Kove’s musical development throughout the years is a great one, starting on the guitar at the age of 7; clearly he’s a natural. His exploration in music has taken him through various genres. In moving to London, he grew more familiar with making faster tempo music, leading him to develop and settle comfortably as a DnB artist. Here is some insight into Kove’s journey.
How did you get into production?
I suppose my first look into production was when I got an old Tascam 16 track recorder when I was in my early teens. It was impossible to use so I would just make these long-winded ambient things with guitar noodling over the top probably thinking I was the next Pink Floyd. After that I got a Mac with GrageBand on it, exhausted that and then moved onto Logic and started the long learning curve of trying to make decent music on it.
Which is your favorite venue in London to play at?
Fabric would be the obvious one and I’ve loved playing there but for me The Nest in Dalston wins. I always look forward to our MTA nights down there. Having a few too many beers and playing some tunes on a huge system in a sweatbox can’t be beaten.
What are your plans for 2014?
Plenty of music! I’m really trying to mix it up at the moment and as well as making drum & bass and house I’m also learning to write music that’s unfamiliar to me. Aside from that festival season and going back to Ibiza are some highlights I’m looking forward to.
Can you talk us through your development as a musician over the years?
I started in music in a very conventional fashion. I got a guitar at 7, studied that alongside piano and theory into my late teens then went off to pursue a composition or session musician career. At Uni I realised very quickly that route wasn’t the right one for me, and my interest in dance music and the culture was increasing.
Could you tell us the reasons why you changed your own style and plans musically before you were known as Kove?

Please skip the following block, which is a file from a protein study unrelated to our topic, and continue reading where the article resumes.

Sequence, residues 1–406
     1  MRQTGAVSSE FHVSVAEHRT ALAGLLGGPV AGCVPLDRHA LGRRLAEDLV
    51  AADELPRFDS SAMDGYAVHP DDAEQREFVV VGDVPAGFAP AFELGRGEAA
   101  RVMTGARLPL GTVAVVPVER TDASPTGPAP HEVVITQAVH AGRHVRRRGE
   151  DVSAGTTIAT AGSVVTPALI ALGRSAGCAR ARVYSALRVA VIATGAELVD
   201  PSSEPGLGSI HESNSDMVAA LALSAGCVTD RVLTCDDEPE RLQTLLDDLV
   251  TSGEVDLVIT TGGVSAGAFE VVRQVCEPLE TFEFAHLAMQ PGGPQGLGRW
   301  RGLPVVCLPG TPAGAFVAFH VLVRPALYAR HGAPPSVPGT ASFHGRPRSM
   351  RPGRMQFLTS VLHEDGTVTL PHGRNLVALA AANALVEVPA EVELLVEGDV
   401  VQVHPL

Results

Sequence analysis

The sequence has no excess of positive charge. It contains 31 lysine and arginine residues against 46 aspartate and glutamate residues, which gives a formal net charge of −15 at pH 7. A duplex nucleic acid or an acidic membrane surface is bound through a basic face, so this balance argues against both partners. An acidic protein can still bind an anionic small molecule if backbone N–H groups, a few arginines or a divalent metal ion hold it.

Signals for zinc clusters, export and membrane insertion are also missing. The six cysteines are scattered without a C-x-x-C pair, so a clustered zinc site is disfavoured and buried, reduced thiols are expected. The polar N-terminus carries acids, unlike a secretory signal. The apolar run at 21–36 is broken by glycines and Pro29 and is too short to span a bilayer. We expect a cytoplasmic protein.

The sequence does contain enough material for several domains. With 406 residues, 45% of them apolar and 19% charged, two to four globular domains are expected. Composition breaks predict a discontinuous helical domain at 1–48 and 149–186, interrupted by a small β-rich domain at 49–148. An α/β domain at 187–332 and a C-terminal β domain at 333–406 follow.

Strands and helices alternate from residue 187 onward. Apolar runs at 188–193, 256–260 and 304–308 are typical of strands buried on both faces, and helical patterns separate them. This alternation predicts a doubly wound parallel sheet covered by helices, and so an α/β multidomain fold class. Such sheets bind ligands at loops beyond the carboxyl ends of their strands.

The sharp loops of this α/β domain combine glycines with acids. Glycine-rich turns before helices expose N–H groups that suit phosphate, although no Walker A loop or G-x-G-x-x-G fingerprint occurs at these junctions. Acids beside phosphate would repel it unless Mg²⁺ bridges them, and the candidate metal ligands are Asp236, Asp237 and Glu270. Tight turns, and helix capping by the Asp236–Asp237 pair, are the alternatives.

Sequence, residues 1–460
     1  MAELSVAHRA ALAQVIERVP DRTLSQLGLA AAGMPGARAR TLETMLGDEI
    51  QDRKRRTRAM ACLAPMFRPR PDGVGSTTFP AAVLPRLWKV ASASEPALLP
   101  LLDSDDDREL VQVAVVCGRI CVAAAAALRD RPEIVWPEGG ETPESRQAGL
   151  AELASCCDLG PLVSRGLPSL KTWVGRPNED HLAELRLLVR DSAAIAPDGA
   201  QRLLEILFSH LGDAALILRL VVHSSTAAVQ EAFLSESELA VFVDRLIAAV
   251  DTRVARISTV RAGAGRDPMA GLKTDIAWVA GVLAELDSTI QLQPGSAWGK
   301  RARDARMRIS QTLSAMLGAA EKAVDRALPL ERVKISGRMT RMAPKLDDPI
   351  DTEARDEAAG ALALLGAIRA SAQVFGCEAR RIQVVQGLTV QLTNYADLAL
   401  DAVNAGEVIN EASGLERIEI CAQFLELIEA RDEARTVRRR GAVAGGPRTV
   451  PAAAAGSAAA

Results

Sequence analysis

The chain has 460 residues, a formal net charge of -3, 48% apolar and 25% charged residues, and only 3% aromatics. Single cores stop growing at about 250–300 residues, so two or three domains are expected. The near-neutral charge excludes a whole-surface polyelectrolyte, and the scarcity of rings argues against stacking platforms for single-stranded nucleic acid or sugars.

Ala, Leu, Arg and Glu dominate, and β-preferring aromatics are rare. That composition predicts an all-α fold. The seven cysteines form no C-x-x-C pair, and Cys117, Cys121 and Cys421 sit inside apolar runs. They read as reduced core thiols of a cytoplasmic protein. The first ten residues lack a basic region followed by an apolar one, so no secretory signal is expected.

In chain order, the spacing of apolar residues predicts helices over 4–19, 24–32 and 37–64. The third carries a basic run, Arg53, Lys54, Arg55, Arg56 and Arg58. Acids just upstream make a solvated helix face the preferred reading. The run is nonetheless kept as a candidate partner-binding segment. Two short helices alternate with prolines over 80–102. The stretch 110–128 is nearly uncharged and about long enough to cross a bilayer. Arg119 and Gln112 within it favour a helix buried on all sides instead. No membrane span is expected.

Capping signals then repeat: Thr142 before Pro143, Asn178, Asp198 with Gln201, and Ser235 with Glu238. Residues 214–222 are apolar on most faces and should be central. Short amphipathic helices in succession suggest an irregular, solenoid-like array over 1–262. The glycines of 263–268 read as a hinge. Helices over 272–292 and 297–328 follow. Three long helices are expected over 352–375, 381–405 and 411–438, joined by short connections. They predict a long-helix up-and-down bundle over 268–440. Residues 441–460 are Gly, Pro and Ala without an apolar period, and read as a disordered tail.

I was making a lot of down tempo and disco music before I really started as Kove, which to be honest was never really going to go anywhere. So it was a conscious decision to knuckle down, immerse myself in DnB and attempt to learn the ropes.
What music do you enjoy listening to yourself?
I generally don’t listen to a huge amount of music outside of work. If I’m driving I’m normally listening to LBC (bloody great at 4am when you’ve got the nutters calling in) or podcasts. If I do listen to something though I’ll normally dip into my old rock collection. Can’t beat a bit of Zeppelin.
How are you expecting/hoping music to progress in the future?
It’s great how blurred the lines are now, even within my short DJ career I’ve noticed a shift from playing purely DnB, say to being able to play across the board. The lineups are reflecting that now, and punters seem to enjoy having a selection of styles at a night, as opposed to 6 hours of a single genre.
Who have you enjoyed working with the most?
I’ve had the opportunity to work with some fantastic singers and songwriters recently and building a lot of songs from the ground up, normally just a piano and top line, as it’s a really exciting way to make music. Vula Malinga will always be one of my favourites, watching her turn ‘Love for You’ into the song it is now was a treat plus her energy is so great in the studio. Aside from her writing with James Newman and working with Moko have been highlights; in their respective fields they’re awesome.
What has been your best experience so far in your career?
It’s hard to nail it down to one moment – the calls from label heads wanting to put out your music are always ones you remember. I’ve been very lucky to have experienced that with Futurebound, Andy C and Chase & Status, especially as there’s always a period when no one’s picking up on you, which can be very frustrating.
What advice would you give to other talented UK artists?
The majority of the production/creative sides of things are well documented but one aspect that seems to get overlooked is the importance of decent legal advice, solid management and dealing with finances properly. You’re career is a business at the end of the day so it should be treated like one. I’d especially encourage lawyering up when it comes to contracts and the like. It can all get a bit long winded but in the long run you’ll reap the benefits.
SPECTRUM WAREHOUSE PARTY
Sunday 4th May 2014
2100 – 0600
Great Suffolk Street Warehouse
29 Great Suffolk Street, London SE1 0NS
Netsky (DJ Set)
Pendulum (DJ Set) +Verse
My Nu Leng